Thomson ReutersNovember 20, 2013 03:23
By Edward Krudy
NEW YORK (Reuters) - Investors in New York City's debt have had it good. Two decades of prudent fiscal management have pushed its bond prices higher, driven its borrowing costs lower, and the city's economy has flourished despite a fiscal crisis, the lingering aftermath of September 11, 2001 and, more recently, Superstorm Sandy.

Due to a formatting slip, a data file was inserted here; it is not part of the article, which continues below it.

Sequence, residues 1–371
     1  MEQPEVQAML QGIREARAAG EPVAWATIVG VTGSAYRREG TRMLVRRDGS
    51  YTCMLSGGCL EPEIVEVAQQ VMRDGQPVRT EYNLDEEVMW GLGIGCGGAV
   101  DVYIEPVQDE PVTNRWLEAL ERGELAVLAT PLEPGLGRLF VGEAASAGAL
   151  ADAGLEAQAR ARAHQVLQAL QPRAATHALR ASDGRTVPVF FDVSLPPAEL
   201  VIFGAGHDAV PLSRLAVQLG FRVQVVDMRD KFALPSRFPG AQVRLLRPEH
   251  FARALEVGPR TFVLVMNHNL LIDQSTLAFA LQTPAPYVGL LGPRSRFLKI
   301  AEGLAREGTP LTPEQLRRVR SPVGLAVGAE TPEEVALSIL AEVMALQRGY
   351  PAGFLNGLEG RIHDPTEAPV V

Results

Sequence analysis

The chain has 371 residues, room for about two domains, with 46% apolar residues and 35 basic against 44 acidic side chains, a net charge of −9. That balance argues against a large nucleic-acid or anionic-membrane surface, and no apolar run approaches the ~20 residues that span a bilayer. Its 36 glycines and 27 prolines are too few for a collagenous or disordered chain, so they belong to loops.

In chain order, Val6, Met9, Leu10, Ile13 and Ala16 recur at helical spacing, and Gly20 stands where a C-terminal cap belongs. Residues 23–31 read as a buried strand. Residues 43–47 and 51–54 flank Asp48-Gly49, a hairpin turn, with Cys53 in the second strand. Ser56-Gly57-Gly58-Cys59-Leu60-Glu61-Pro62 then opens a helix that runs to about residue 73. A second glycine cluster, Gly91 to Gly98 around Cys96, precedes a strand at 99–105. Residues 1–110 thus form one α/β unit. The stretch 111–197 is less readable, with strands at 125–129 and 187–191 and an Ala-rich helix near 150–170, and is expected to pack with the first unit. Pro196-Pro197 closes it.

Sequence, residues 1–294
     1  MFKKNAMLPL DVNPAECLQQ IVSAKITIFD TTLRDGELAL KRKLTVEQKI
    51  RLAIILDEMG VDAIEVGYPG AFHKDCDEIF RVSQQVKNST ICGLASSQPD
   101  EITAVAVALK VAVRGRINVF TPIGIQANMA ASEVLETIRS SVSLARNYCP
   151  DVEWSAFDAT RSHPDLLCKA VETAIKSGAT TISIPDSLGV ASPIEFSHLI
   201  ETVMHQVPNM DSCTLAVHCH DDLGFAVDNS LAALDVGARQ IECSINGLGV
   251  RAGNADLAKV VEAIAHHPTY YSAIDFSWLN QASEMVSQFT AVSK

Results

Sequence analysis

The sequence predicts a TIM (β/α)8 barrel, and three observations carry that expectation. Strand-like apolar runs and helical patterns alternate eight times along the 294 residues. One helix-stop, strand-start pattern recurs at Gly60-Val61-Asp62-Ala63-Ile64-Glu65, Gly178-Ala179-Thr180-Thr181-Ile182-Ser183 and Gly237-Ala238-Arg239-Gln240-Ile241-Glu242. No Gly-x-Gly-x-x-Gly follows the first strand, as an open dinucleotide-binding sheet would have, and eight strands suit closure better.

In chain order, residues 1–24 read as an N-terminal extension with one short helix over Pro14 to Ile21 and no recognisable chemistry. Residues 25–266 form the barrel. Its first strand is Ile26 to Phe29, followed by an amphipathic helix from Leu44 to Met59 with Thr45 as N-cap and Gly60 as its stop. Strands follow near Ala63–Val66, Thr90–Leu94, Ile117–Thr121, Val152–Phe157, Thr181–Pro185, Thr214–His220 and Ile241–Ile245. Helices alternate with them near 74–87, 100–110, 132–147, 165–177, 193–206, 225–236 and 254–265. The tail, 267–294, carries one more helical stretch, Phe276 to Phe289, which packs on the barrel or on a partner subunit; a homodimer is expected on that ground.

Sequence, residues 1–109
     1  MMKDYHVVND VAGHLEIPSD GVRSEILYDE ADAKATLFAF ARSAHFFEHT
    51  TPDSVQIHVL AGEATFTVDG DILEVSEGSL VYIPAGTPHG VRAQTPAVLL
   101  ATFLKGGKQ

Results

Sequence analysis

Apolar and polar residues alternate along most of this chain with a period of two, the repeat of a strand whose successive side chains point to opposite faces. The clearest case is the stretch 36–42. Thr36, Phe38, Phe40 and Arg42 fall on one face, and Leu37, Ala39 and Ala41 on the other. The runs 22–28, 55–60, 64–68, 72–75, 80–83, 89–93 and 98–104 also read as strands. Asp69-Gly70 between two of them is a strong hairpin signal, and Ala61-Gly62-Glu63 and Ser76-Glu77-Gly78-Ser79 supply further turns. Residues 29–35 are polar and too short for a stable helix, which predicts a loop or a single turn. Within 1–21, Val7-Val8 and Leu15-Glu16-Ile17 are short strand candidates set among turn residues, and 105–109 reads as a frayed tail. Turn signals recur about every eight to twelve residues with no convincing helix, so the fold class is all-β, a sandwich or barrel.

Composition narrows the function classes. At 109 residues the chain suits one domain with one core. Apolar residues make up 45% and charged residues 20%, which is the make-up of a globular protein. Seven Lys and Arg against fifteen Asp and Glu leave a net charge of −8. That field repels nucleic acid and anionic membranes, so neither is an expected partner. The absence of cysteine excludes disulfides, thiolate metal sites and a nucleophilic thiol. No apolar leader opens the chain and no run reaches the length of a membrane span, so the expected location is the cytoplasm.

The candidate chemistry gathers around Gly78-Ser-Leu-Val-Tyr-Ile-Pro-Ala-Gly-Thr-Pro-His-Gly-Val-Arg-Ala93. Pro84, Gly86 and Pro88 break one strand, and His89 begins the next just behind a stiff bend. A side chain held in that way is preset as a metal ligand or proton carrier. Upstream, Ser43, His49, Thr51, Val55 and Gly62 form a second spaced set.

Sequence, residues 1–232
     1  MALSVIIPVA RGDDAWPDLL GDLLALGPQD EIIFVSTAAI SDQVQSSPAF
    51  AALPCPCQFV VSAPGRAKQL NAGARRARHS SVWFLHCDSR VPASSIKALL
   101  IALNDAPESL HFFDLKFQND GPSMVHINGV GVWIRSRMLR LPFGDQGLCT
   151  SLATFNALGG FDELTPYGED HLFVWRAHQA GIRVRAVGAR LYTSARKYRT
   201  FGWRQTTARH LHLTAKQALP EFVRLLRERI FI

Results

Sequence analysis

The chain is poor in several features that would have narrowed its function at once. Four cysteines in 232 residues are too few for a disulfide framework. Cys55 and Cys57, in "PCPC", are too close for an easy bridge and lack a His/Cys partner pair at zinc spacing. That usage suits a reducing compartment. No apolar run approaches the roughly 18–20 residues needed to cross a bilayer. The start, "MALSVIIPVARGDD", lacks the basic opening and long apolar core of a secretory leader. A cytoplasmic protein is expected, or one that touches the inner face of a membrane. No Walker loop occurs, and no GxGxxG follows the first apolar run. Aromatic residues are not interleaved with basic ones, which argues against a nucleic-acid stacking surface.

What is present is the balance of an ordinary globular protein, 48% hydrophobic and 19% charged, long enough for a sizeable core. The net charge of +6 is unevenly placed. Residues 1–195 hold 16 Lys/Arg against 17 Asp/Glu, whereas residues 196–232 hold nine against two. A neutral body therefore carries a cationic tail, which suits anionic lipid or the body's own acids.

Now the election of the city's first Democratic mayor in 20 years, who is promising to take the city in a new direction, has made investors sit up and take notice.